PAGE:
Press releases go the DTC route

Once written just for news outlets, many releases are now created with consumers in mind.

Once written just for news outlets, many releases are now created with consumers in mind.

The traditional press release has faced a lot of criticism of late, as well as a barrage of questions: Has it lost its appeal to journalists; does it effectively differentiate one product from the next; is it up to par with the technology of the times; and most important, what is the impact of the broadening of its audience beyond the media to the consumers themselves.

Some newswires and agencies have taken it upon themselves to offer a new sort of release that gives journalists and consumers alike the tools to access products in a way that the traditional news release didn't allow and that deals with some of the limitations of the traditional format.

"Now clients are cognizant of the whole world being able to see a release and that there is a whole new audience out there," says Brian Taylor, VP of marketing communications for US Newswire. "You can almost call it direct-to-consumer."

Paramount Classic, a division of Paramount Pictures that sells classic movies on DVD, is targeting film buffs with its releases by teaming up with Technorati and PR Newswire, thus reaching a new community of consumers who can connect to the content of these films through hyperlinks in the releases and perpetuate conversation about the films by joining online communities.

Including links in a press release is just one way that smart releases are reaching a wider audience. Most consumers don't read the wires, but many newswires are teaming up with search engines like Google and Yahoo to allow for maximum exposure through search engine optimization. This enables consumers to search a term on the Web and bring up press releases in the results, exposing consumers to "news" in its most raw form.

"Business Wire puts out a release for our clients, and it goes to Yahoo, Google, MSN, AOL, and this is where consumers are looking for news," says Michael Lissauer, EVP of marketing and business strategy for Business Wire. "The most important thing to our clients is seeing their release on these search engines. They know consumers go there. If they write a press release effectively, they can bypass the gatekeepers: the journalists, who always had the opportunity of interpreting the release how they wanted."

"There is a very informed, new breed of consumer that is relying on the content that is coming directly from the source," notes Dave Armon, COO at PR Newswire, of the content people are getting from RSS feeds and e-mail alerts. This technology has further expanded the audience of the news release, allowing consumers to know about products and events at the same time or even before the media do.

Allowing people to have a connection with the product is a key part of turning a viewer of your release into a consumer. Paolina Milana, VP of marketing and media relations at Market Wire, says: "PR pros need to have a much more integrated approach to their releases. It's no longer just 400 stagnant words, and that's it. Press releases now are links with visuals, audios, Web sites woven in; it's much more interactive for the consumer who is doing searches and looking for things that are much more engaging."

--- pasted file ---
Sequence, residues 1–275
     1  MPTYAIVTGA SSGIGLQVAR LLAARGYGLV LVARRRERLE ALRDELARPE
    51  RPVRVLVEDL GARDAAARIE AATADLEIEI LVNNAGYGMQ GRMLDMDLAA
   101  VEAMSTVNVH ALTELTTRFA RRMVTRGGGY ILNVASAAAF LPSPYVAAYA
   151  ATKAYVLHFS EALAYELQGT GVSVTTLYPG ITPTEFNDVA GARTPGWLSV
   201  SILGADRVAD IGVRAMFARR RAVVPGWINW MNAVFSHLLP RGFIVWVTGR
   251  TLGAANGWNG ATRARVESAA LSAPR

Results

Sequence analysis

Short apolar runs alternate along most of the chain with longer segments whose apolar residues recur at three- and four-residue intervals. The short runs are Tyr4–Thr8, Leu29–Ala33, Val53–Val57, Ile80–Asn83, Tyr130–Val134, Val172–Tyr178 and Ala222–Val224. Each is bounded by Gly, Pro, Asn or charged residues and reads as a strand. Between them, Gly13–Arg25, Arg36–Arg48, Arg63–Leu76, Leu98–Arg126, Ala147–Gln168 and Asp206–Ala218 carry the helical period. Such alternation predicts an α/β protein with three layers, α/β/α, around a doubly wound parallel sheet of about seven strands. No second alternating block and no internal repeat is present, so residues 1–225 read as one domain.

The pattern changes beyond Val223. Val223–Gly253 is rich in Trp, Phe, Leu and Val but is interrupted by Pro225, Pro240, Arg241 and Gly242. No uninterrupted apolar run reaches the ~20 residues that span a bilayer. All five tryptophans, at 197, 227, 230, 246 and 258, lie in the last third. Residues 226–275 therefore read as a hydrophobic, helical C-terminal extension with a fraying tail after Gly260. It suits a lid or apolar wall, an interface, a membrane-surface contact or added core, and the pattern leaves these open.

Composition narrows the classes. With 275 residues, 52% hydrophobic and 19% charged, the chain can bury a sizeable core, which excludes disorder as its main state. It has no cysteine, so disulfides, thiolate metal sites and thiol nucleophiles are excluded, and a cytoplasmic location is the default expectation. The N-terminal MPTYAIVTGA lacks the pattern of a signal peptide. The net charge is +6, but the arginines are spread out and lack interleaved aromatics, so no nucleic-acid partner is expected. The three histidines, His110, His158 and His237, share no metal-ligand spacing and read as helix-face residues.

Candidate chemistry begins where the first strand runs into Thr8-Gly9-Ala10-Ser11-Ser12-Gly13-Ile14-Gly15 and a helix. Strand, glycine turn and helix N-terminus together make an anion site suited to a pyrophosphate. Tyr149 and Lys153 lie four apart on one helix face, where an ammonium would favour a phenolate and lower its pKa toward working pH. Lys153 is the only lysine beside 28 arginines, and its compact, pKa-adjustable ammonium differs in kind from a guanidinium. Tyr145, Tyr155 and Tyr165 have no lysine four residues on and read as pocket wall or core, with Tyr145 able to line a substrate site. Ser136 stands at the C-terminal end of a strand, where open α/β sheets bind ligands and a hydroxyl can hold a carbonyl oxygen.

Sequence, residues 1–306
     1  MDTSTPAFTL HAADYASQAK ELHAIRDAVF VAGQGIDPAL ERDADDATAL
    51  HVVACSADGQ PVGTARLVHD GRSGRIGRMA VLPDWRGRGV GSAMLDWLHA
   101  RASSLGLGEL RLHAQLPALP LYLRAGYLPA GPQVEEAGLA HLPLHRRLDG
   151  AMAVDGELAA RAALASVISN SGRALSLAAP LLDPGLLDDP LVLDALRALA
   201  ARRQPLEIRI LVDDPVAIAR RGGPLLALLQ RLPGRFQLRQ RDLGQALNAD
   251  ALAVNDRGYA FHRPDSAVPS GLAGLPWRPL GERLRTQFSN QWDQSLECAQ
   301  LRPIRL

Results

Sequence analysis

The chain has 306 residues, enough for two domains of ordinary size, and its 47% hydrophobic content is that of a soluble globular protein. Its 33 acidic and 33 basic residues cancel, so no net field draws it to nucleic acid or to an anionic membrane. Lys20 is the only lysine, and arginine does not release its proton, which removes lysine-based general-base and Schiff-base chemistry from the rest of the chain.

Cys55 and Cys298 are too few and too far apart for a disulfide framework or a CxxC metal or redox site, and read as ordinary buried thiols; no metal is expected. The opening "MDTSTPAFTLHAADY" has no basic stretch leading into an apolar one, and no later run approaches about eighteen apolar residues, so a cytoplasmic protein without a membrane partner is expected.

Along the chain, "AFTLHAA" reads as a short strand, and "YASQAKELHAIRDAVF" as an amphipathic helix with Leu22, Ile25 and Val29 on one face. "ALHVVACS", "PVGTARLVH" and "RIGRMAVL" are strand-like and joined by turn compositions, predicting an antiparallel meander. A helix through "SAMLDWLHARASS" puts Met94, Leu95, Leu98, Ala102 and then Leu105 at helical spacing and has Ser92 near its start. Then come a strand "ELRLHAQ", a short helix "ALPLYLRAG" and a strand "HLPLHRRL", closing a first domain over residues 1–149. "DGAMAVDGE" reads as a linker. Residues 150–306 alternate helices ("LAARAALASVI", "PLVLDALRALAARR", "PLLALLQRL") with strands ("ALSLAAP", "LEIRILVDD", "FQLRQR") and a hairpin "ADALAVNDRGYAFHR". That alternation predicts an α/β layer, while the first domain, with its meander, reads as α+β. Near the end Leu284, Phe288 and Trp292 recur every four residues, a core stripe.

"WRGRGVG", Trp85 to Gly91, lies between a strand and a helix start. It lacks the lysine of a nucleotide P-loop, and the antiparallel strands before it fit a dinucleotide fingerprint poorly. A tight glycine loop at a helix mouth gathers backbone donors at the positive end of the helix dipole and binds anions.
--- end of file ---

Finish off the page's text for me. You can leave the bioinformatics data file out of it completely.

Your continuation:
These multimedia releases offer PR pros the opportunity to take advantage of the Internet and the technology it has to offer, but reaching bloggers can be tricky. Bloggers, like the media, are gatekeepers of information, so using technology like RSS feeds and providing links to put into blogs are useful in reaching them.

"Bloggers, like reporters, do not want to be bombarded by useless information," adds Armon. PR pros have to target bloggers in the same way they would the traditional media, with news that is interesting and worth pursuing. Lissauer cites the problem with blogs as being that "90%-plus are a waste of time. They are just 16-year-old kids complaining about their feelings.

"I think this [new formatted release] means tremendous good things for PR," he continues, "[with] the caveat that the PR profession adapt to it and understand the opportunities that it has, particularly as a marketing tool. Right now, PR has a lot of opportunities to do integrated communications."


Technique tips

Do

Research your target audience and know its interests

Be creative with the photos you choose for use in a release

Use services like Digg.com, a news site where users choose the story, and del.icio.us, a social bookmarking tool


Don't

Use buzzwords or jargon when you're sending out a press release

Issue a release if you don't have actual news to tell

Just tell one side of a story. Make your release more like a news story

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